What happened now: The Hollywood Foreign Press Association has been dissolved and Golden Globes have been sold to Eldridge Industries, a holding company owned by the billionaire investor Todd Boehly, and Dick Clark Productions. The association’s members will now become employees of the new for-profit company. No one knows what this means for the future of the Golden Globes—which may not survive yet more turmoil. (New York Times)
PSG loses its other great star
Yeah, Lionel Messi’s exit was a given—though no one expected him to end up in the US at Inter Miami. But Paris St Germain is now set to lose its other great star—Kylian Mbappé—who will not be renewing his contract next year. This is kinda tricky for PSG—which now has to figure out how to make the best of this unpleasant surprise:
Mbappé’s decision could force P.S.G. to consider a move it would prefer to avoid: selling Mbappé’s playing rights as soon as this summer, rather than risk losing him for nothing when his deal expires. If the club does entertain offers for Mbappé, PSG will be expected to demand a price well in excess of $200 million, and possibly one that might eclipse the world record for a player.
FYI: Mbappe signed a $190 million contract when he joined PSG in 2017. Point to note: Of the all-time greats, the club is now left with only Neymar—which may not be such a bad thing since all that star power did not win it a single cup. (BBC News)
Moving up to legend status: Nikola Jokić. The star of the Denver Nuggets took his team to its first NBA championship win—defeating the Miami Heat 94-89. Yes, he is the MVP. (NPR)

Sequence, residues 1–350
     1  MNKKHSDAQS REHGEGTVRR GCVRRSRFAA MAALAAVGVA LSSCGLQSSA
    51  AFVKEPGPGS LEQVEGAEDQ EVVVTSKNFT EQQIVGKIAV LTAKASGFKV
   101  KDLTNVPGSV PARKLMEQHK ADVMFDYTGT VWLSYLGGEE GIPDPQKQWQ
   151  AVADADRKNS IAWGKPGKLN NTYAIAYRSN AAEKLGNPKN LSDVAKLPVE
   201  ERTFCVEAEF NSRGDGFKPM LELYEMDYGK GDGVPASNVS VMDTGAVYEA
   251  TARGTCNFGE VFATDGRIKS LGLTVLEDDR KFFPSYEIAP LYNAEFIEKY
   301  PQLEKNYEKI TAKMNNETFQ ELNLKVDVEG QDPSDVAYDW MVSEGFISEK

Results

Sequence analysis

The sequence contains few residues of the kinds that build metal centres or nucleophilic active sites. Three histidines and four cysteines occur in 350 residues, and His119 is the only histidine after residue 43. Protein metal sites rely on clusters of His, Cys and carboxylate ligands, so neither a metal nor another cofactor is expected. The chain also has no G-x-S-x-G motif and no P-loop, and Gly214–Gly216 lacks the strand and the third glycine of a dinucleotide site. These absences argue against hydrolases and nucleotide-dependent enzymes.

Get ready for a rocky plane ride
A new study shows that flight turbulence has increased due to climate change. Turbulence happens when a plane flies through bodies of air moving at widely different speeds. High carbon emissions have warmed up the air—which is changing air currents—and ergo, more turbulence. Severe turbulence has jumped by 55% since 1979. Why this matters: “Every additional minute spent travelling through turbulence increased the wear and tear on an aircraft, as well as the risk of injuries to passengers and flight attendants.” It costs the aviation industry between $150 million - $500 million each year in the US alone. (The Guardian)
Also experiencing serious turbulence: Air India. Will its PR woes never end? The latest debacle is this Mumbai to Doha flight that has been delayed for ages. It was supposed to take off at 7:30 pm on Monday. Please wait for the, ahem, lady in red. Also: in India, even delayed flights turn into a full-blown soap opera:) (MoneyControl)
Three things to see
One: Everyone is talking about Rahul Gandhi’s ride with this Indian origin driver—who drove him on a 190-km "American Truck Yatra" from Washington DC to New York. Apparently, he is a BJP supporter. Then again this is 100% Congress PR. That said, it’s interesting to see Gandhi take aim at the PM’s most staunch NRI support. (Outlook Magazine)
Two: P!nk got insanely athletic at her Summer Carnival tour in the UK. This is indeed something to see.
Three: Say hello to the ultimate Rubik’s Cube nerd—Max Park—who solved the puzzle in an astonishing 3.13 seconds. Yes, that’s a new world record. Watch the achievement below—but don’t blink. The sheer joy is kinda sweet:)